The Tale of Kamar al-Zaman and Budur

The Tale of Kamar al-Zaman and Budur

The story of Kamar al-Zaman and Budur is one of the tales found in the collection of stories known as “One Thousand and One Nights,” also known as the “Arabian Nights.”

Kamar al-Zaman, whose name translates to “Moon of the Age,” is a handsome young prince, the only child of King Shahriman, who rules over the islands of Khalidan. Despite his father’s urgings to marry, Kamar al-Zaman stubbornly refuses, claiming that he has yet to find a woman who could match his beauty.

On the other side of the world, the same situation unfolds with Princess Budur, the daughter of King Ghayur, lord of China and the adjacent lands. She too refuses to marry, believing no man can match her beauty.

Back in Khalidan, King Shahriman, frustrated with his son’s stubbornness, has Kamar al-Zaman imprisoned in an old tower with a single window. One day, Kamar al-Zaman discovers a jewel box containing a ring. When he opens it, a jinni, Maymunah, appears.

Meanwhile, another jinni, Dahnash, arrives at Princess Budur’s palace and puts her to sleep. Curious, Maymunah flies across the world and meets Dahnash. They compare the beauty of Kamar al-Zaman and Princess Budur. After seeing both, they conclude that the two young people are equal in beauty. They undress Budur and place her next to the sleeping Kamar al-Zaman. When they wake up, they fall instantly in love.

However, they are separated again. Kamar al-Zaman wakes up alone in his tower, thinking it was all a dream, and falls into a deep depression. Budur, who thinks she dreamed of a man as handsome as her, is also heartbroken.

Their fathers, worried for their children’s health, decide to give in to their children’s apparent wishes. King Shahriman gives Kamar al-Zaman the kingdom, and King Ghayur disguises Budur as a man and makes her a king of a neighboring land.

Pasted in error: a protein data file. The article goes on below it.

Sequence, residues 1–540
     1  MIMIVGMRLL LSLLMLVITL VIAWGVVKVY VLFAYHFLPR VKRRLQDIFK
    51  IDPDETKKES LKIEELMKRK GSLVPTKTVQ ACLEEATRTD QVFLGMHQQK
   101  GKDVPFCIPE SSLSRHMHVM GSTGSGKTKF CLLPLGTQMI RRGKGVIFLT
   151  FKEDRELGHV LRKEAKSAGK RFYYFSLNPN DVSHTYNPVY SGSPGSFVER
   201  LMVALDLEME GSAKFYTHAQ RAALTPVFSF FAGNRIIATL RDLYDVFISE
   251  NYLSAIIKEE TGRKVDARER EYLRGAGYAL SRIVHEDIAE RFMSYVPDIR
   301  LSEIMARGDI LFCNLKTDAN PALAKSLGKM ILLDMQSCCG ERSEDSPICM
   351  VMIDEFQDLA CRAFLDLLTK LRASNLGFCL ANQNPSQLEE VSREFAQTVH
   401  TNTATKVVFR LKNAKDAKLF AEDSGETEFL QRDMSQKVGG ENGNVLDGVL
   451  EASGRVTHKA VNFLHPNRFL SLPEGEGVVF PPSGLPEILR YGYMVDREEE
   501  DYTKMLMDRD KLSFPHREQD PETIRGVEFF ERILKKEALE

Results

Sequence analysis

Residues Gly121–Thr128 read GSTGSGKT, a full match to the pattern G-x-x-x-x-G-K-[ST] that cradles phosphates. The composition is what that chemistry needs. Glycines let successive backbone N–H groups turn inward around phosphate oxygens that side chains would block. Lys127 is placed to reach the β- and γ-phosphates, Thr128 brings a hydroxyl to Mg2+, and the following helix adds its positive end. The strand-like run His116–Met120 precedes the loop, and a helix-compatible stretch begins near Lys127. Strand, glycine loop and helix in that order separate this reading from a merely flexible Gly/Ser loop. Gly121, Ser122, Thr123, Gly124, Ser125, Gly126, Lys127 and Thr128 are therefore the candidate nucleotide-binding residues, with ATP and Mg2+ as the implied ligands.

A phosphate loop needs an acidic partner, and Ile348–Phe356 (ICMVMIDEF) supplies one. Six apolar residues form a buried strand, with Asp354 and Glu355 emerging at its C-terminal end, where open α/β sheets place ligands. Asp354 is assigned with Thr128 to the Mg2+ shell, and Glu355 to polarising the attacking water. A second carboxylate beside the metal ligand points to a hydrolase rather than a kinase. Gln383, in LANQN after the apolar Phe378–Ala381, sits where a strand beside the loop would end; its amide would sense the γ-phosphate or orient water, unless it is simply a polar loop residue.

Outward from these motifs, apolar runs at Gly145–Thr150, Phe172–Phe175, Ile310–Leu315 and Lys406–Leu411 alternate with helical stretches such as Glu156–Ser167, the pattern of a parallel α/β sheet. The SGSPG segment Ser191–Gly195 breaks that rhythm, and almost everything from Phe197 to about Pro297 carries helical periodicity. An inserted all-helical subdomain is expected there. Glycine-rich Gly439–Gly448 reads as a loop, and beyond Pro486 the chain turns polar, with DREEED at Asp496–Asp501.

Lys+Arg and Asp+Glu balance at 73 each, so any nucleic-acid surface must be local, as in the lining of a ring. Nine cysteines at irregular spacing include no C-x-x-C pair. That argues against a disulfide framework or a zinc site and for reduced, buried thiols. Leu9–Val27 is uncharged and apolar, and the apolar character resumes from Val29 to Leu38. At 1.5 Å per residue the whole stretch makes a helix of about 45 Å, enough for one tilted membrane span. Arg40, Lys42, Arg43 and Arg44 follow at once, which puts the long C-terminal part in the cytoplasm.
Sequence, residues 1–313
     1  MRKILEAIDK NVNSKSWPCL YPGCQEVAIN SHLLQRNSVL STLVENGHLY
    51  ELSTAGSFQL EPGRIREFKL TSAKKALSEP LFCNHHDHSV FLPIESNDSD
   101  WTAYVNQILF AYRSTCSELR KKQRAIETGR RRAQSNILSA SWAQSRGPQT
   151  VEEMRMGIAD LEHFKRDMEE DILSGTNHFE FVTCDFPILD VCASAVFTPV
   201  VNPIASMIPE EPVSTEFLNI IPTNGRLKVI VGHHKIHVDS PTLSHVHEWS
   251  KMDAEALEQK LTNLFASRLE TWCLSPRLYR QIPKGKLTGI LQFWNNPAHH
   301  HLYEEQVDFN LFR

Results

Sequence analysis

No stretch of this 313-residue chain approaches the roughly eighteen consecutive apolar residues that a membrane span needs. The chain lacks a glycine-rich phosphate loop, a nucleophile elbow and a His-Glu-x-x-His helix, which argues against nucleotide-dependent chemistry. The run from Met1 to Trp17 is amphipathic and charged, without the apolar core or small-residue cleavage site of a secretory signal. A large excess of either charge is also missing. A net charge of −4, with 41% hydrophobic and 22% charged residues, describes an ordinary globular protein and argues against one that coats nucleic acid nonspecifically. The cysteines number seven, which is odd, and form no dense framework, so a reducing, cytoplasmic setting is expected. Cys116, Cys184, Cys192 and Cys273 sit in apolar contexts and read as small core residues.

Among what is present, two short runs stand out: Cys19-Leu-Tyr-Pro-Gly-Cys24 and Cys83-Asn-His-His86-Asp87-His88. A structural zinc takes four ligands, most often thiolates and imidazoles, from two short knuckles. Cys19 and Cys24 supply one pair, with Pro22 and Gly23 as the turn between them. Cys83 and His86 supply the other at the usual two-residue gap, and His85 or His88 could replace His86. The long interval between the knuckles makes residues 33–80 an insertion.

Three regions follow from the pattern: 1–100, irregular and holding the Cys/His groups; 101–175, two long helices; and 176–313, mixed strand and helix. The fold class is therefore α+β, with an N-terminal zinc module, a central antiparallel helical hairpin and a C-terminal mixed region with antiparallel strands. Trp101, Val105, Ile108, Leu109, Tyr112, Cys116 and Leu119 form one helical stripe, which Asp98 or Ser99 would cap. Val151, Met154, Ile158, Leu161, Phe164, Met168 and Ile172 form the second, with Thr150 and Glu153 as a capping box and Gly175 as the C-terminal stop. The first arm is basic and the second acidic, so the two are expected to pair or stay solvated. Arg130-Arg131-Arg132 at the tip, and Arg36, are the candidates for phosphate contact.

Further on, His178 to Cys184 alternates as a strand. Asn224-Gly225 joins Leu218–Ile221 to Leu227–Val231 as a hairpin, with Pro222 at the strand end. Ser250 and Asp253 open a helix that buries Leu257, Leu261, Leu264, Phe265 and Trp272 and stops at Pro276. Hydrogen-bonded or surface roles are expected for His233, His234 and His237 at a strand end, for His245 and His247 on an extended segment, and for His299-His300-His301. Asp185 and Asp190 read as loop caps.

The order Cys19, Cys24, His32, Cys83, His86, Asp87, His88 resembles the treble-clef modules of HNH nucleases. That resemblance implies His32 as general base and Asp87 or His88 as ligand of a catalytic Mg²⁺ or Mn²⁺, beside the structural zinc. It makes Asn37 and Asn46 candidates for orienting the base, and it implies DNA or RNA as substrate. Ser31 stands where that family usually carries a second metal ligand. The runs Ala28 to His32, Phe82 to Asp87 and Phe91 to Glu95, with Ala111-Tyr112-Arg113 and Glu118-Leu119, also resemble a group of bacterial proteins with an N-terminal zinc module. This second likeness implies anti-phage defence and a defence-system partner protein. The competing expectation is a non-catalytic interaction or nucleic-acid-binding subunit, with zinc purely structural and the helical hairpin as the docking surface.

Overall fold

As fate would have it, Kamar al-Zaman’s first act as king is to travel, and he ends up in Budur’s kingdom. Budur recognizes him from her dream and they confess their love for each other. Kamar al-Zaman buys a beautiful slave girl, Hayat al-Nufus, for his father to placate him, while Budur returns to her father with Kamar al-Zaman.

The tale of Kamar al-Zaman is full of trials, adventures, and separations, but in the end, Kamar al-Zaman and Budur are reunited and live happily ever after.

This tale is an excellent example of the themes of love, fate, and adventure that run through many of the stories in the “Arabian Nights.” It also reflects the cultural and societal norms of the time, including concepts of beauty, the roles of men and women, and the responsibilities of rulers.

The tale of Kamar al-Zaman and Budur, like many tales from “One Thousand and One Nights,” is filled with rich symbolism, mythic themes, and valuable lessons. Let’s delve into each:


The Ring: In many mythologies and fairy tales, a ring is often seen as a symbol of power, commitment, and eternity due to its circular shape. In this story, the ring is a catalyst, it summons Maymunah who orchestrates the meeting of the two lovers, Kamar al-Zaman and Budur.